What you need to know about Social Security Disability Benefits

What you need to know about Social Security Disability Benefits

Social Security Disability Benefits begin generally on the sixth month after you have been deemed disabled. Your payments will generally continue for as long as you are disabled and unable to work. Benefits are paid monthly on a date that is determined by the date of birth of you or your spouse, depending on whose work record you are claiming benefits.

Some people who receive Social Security Disability also work or receive a substantial income beyond their disability benefits. These people must pay taxes on their income and benefits. Individuals who make more than $25,000 will have to pay taxes, while those who file a joint tax return will pay taxes on their benefits if they have a combined income of more than $32,000.

Social Security benefits are adjusted each January based on the cost of living. For example, if the cost of living has increased by one percent over the past year, your benefits will also increase by one percent. If you receive disability benefits until full retirement age, your benefits will automatically change to retirement benefits of the same amount. For spouses who receive widow benefits, they will need to contact the Social Security Administration for retirement benefits changes.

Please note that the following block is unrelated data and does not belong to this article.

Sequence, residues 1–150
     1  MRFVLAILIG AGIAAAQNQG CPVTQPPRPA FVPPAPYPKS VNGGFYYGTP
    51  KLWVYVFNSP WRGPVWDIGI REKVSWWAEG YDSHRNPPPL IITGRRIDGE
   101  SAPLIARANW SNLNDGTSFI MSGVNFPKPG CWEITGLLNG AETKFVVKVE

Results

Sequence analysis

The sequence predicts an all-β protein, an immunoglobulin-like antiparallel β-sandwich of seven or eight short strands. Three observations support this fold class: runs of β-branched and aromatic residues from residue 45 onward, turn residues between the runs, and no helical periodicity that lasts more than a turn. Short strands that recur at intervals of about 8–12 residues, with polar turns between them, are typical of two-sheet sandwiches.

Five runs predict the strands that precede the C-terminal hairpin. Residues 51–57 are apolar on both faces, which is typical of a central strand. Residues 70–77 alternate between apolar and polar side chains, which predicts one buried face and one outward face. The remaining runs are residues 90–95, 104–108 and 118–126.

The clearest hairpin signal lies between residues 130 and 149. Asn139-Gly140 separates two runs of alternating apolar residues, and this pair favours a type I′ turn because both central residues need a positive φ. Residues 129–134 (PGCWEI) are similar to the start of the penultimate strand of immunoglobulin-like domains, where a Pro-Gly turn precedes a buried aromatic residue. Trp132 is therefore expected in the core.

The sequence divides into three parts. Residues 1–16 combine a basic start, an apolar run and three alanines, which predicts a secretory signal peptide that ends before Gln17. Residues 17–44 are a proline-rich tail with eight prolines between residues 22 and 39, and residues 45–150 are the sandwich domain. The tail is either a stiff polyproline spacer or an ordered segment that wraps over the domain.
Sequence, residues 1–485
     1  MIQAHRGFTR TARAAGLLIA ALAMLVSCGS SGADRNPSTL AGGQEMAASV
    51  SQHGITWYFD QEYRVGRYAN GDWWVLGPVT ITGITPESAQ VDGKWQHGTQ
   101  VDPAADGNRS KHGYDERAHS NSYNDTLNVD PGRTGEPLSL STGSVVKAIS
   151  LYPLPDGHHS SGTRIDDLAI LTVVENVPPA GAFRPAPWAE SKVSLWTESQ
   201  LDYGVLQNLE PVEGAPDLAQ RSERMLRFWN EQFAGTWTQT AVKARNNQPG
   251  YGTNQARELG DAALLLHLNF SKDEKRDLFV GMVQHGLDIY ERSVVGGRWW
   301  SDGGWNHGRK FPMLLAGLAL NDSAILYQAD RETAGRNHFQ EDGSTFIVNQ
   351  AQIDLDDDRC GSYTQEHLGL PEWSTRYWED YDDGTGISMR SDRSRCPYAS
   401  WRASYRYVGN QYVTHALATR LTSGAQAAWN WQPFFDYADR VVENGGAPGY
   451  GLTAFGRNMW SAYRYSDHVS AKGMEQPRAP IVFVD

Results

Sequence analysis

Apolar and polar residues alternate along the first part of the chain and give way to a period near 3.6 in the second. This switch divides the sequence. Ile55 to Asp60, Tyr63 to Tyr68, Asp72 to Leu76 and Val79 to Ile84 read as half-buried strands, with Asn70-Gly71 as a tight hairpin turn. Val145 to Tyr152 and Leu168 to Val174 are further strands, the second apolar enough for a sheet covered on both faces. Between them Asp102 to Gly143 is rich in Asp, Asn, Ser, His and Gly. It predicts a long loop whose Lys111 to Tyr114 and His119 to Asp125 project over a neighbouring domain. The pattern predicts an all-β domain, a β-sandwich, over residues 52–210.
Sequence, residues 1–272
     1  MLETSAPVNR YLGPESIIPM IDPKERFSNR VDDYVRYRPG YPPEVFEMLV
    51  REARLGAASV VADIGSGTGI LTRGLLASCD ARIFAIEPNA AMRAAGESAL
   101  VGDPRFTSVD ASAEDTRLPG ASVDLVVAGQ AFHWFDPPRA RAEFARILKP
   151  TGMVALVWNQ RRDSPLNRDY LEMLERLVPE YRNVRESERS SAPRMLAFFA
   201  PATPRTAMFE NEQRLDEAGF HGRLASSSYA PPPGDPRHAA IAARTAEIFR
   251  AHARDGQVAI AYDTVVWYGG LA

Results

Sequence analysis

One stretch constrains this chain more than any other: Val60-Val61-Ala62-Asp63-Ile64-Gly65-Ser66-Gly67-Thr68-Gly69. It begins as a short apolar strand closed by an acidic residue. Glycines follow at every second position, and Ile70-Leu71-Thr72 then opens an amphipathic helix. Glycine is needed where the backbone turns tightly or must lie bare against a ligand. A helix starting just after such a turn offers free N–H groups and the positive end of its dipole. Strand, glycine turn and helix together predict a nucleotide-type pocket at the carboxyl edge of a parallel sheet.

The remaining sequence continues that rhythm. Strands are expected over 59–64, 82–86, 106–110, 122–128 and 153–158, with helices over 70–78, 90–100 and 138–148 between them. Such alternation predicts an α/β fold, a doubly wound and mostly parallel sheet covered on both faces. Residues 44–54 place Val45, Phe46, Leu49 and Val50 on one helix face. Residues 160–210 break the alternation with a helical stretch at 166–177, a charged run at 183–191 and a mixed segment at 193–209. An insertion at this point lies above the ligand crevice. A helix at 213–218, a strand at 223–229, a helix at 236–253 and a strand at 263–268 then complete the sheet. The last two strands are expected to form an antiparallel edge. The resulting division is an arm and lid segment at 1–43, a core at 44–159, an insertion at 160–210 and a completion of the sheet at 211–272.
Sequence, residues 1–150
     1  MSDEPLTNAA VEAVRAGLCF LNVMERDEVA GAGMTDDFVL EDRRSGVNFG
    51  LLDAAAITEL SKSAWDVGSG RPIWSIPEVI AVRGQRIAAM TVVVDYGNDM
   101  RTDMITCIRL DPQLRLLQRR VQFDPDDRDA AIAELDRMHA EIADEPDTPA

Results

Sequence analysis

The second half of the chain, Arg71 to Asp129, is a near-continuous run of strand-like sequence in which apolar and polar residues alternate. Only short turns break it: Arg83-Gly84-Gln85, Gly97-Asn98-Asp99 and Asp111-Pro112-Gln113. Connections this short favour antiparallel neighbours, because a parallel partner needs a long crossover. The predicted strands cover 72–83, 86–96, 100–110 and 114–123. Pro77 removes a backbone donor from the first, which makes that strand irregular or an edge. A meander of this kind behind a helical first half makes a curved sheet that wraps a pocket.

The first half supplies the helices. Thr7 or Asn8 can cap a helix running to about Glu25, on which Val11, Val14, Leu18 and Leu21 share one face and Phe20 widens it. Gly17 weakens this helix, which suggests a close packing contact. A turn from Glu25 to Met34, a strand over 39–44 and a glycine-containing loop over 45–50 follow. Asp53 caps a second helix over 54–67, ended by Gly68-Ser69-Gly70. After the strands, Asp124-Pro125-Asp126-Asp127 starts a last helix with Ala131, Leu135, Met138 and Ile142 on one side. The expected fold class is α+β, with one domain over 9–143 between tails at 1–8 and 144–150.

If you decide to work while you receive disability benefits, you must report your earnings to the Social Security Administration, no matter how little you earn. Disabled individuals can use a ‘trial work period’ during which they will still receive benefits for nine months, while they determine if they can work while being disabled.

You must tell the Social Security Administration if you move, if you earn money, or if you change bank accounts that would affect the direct deposit of your benefits. If for any reason you are unable to manage your benefits, such as because of your disability or because you are a minor, you can request that your benefits be sent to a relative or care-taker.

Keep in mind that marriage and divorce can affect your disability benefits. While your own disability benefits will remain the same, a spouses benefits may change if they were married less than 10 years, or if they remarry before they reach age 50.

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